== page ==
Like the tree falling in an empty forest, not looking in mirrors suggested some existential quandaries. I quit trying to blow-dry my hair and instead made an appointment for a blow-out (feeling geisha-like as I looked modestly down and away from the mirror during the process). But when it was over, I found myself staring straight into the unfamiliar face of a perplexing question: If I can't see myself, do I still look good? And conversely, on a rainy, bad-hair day, if I can't see myself, do I still look bad? The answer, of course, is subjective. And if the subject—that would be me—is absent, there's no definitive answer. Following that thought led me out of the forest into the shimmering dazzle of a bright idea. I sat there in the salon, blinking it into focus. Except for me, then, who cares?

In a moment, the machinery of my vanity ground to a stop. And in the stillness, less concerned about my physical presentation—or maybe, relying less on what I'd hoped was the pleasant distraction others might find in my appearance—I felt a raw, unadorned freedom.

For all of my adult life, looking in the mirror, I have objectified myself, wanting to recognize myself as the person I—somewhat literally—make myself up to be. I've then toted this image, heavy with expectation, around in my head. But I don't have similar expectations of the people I love—my friends, my husband. Some days he looks good. Some days he looks really good. But during those times when he hasn't appeared princely to me, has it made me depressed? Have I run out to buy him hair dye? Scheduled urgent appointments for eyebrow grooming or teeth whitening? I haven't. I love his face simply because it's my most vivid reminder of who he is. What if I chose to regard myself in the same way, without the burden of expectation?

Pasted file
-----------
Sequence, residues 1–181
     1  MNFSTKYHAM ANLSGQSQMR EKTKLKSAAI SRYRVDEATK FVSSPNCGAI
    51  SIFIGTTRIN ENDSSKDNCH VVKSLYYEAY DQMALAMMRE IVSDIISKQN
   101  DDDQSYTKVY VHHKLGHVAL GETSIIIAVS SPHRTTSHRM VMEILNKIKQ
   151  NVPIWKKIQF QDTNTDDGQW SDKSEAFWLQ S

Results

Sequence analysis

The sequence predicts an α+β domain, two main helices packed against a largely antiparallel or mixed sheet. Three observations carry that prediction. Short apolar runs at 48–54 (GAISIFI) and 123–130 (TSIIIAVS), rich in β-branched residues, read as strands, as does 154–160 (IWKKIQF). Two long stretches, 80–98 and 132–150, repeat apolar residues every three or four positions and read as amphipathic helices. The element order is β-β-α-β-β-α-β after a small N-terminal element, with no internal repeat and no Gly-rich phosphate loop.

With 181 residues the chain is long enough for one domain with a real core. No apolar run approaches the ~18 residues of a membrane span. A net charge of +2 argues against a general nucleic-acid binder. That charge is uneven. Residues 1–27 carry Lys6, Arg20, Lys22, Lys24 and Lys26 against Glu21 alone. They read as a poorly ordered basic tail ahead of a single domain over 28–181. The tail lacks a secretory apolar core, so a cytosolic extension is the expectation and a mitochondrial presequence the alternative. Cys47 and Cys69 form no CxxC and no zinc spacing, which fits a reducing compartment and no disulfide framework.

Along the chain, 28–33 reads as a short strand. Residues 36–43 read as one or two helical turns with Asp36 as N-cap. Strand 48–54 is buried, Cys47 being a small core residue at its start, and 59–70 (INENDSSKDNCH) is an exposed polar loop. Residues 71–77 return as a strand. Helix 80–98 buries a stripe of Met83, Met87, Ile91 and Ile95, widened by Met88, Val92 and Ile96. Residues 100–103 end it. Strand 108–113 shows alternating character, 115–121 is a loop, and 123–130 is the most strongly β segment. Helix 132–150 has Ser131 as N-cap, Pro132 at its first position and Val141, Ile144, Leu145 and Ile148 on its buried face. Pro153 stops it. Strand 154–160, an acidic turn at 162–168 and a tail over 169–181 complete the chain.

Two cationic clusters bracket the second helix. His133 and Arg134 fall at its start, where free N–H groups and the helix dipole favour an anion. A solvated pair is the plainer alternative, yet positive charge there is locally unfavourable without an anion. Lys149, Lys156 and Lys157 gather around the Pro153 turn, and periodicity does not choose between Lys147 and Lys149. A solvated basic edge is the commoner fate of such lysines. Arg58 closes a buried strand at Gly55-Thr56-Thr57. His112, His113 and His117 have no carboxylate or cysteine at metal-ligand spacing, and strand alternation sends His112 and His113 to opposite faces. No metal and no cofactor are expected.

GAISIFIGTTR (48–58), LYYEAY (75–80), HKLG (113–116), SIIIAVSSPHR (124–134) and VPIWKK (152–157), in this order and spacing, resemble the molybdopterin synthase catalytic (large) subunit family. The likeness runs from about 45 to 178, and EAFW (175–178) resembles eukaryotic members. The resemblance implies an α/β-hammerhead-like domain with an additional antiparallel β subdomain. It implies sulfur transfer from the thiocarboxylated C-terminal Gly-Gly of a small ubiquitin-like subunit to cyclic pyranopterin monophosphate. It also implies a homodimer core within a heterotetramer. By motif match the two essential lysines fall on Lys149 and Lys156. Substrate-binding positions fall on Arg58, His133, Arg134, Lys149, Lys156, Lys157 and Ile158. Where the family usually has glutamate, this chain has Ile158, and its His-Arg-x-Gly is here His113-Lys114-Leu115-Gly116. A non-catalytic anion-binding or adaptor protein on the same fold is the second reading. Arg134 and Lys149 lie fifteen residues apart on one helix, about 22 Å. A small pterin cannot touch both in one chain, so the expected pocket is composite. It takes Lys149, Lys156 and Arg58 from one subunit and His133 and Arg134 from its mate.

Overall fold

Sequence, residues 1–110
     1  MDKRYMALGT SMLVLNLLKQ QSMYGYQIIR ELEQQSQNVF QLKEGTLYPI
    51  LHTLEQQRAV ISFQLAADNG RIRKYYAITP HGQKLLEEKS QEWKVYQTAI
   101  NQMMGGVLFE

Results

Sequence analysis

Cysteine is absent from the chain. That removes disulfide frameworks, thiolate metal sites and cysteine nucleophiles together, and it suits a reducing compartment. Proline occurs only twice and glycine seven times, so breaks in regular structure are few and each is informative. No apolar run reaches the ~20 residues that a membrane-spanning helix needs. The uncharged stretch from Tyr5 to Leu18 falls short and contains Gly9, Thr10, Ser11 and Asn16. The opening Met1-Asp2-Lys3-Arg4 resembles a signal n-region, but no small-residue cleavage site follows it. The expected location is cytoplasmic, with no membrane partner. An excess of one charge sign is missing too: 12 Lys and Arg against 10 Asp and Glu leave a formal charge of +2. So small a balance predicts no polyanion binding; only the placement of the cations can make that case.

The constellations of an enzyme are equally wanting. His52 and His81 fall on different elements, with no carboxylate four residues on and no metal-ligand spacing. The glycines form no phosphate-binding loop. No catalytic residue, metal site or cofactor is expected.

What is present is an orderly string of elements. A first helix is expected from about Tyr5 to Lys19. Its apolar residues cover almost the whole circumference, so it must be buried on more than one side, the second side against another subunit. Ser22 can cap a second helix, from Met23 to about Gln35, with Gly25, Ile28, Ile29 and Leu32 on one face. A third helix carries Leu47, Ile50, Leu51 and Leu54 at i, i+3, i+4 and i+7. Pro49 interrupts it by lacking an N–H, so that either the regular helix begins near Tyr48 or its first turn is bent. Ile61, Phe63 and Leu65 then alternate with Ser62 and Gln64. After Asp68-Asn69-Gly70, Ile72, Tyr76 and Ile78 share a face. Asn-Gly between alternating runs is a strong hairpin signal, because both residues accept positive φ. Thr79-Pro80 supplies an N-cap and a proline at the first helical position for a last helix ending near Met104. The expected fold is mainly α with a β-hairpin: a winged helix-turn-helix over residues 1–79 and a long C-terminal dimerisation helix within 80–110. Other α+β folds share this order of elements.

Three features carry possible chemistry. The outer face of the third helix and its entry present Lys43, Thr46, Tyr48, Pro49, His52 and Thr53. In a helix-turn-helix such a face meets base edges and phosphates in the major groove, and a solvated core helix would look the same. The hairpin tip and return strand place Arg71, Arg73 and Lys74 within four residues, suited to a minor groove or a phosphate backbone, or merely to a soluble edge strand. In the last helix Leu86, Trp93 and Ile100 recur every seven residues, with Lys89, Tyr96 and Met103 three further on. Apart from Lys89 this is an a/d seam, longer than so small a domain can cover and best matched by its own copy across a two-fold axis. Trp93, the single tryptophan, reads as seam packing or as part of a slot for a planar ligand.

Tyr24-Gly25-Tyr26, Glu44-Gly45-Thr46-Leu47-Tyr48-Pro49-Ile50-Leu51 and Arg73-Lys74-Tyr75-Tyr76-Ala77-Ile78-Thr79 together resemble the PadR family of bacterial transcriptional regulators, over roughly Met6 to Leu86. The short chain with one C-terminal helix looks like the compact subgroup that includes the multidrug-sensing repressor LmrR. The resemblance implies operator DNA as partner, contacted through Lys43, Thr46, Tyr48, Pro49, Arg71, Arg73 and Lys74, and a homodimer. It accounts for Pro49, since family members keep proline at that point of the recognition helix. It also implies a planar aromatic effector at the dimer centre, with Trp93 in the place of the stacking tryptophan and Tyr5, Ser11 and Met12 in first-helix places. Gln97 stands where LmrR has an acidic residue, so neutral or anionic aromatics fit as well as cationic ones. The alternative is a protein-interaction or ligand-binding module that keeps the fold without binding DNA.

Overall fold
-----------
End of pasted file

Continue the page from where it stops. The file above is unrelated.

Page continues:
By the time I'm ready to look into the glass again, I feel sanguine. After all, for the past several days I've either thought I looked a lot worse than I did or I've looked a lot worse than I thought I did. Both perspectives have their advantages.

I stand at the bathroom sink. I'm not wearing makeup. The light's kind of harsh. Here's what I see: a woman friendly and forgiving. And I'm plainly glad it's me.

Change Your Self-Image—For the Better


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